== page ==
So inadvertently I found out that my father was in a car accident last week. One that tore up his truck but left him unscathed thanks to some fancy driving and what he no doubt considers years of experience put to the test. While I am thankful my dad is ok, I’m a little ticked I had to find out about it from a passing conversation with my uncle. Now, for all the highway driving my father does, I’m sure he’s had a lot of close calls and brushes with danger – I probably don’t want to know about all of them. But when it tears up your truck and could’ve ended your life (as testing the tensile strength of a guardrail with a truck and jack-knifed trailer can do), I’d like to be informed – if only for the “hey just wanted to let you know I’m ok”. A friend remarked that he likely didn’t want to worry me since he was in fact fine. No, with him its stubborn pride that he doesn’t want to admit how close he came to being seriously injured. Like the time he fell off the roof and broke his arm – he didn’t want to tell me and have to admit that he screwed up, doing something he shouldn’t have been doing. (Gee I wonder where I get my stubborn-have-to-do-it-myself streak from?)
When we have a near miss we always release a breath and reflect on how lucky we were. If that had been a few inches closer, or if something hadn’t been where it was, or if that person had done X instead of Y, or if….there are millions of “ifs” that could have led to different results, but they didn’t so we’re still here in one piece. But instead of thinking ourselves lucky to have dodged a bullet, we should appreciate the cosmic slap on the head that says “wake up and realize what you have!” It’s rare that we ever actually do this – I’m just saying we should.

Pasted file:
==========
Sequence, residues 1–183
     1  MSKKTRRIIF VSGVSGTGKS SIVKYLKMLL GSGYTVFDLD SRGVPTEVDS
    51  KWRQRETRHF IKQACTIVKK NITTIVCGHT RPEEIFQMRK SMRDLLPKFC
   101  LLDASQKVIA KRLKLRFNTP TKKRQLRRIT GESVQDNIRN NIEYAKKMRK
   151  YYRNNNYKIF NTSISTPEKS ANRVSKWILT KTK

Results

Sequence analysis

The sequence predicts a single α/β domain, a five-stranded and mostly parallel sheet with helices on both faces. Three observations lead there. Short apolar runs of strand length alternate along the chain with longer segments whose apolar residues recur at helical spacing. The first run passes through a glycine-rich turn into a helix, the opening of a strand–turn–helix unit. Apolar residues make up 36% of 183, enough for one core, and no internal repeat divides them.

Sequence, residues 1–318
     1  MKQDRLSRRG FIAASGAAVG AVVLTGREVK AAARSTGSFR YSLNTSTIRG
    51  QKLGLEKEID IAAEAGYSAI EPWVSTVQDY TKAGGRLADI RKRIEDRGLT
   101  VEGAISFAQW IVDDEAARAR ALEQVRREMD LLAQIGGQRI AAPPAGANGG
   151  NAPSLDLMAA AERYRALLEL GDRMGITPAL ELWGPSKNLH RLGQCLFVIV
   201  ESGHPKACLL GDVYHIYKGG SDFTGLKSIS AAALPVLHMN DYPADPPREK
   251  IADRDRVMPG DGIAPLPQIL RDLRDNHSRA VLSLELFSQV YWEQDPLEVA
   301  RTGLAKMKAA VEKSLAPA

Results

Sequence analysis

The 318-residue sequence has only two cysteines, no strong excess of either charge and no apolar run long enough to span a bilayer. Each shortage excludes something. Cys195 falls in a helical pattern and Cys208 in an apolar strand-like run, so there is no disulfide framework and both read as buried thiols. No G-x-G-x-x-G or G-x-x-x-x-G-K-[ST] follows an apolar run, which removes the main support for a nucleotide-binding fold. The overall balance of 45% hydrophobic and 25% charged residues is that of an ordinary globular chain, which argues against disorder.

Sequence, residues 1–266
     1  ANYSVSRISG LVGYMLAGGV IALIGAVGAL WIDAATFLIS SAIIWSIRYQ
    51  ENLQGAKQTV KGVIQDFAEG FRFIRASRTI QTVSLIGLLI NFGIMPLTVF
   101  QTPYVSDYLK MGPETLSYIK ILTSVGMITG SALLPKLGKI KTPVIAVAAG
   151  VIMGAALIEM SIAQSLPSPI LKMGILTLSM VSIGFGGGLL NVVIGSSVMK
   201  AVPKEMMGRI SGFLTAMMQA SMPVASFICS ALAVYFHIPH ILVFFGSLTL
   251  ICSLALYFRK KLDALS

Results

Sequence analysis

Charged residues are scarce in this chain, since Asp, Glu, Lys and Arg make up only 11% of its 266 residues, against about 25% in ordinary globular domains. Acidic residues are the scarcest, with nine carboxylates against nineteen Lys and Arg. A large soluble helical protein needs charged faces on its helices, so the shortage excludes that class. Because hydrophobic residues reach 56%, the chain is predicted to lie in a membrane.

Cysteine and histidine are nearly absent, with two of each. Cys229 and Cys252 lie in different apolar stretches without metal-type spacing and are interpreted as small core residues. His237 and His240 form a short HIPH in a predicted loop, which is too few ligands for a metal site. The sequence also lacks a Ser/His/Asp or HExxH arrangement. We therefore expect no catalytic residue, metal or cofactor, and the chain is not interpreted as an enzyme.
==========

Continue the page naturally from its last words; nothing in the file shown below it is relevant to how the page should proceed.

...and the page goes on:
We survive against the odds through some cosmic quirk in events. We could’ve/should’ve been _________, but we weren’t. Whether it was ‘luck’, training, experience or the hand of God that got you through it, when you come out on the other side, when you’ve dusted off, surveyed the damage, changed your undies and called home, take a minute to remind your loved ones that they are in fact loved and you are still there to be loved in return (kum-bah-ya moment optional).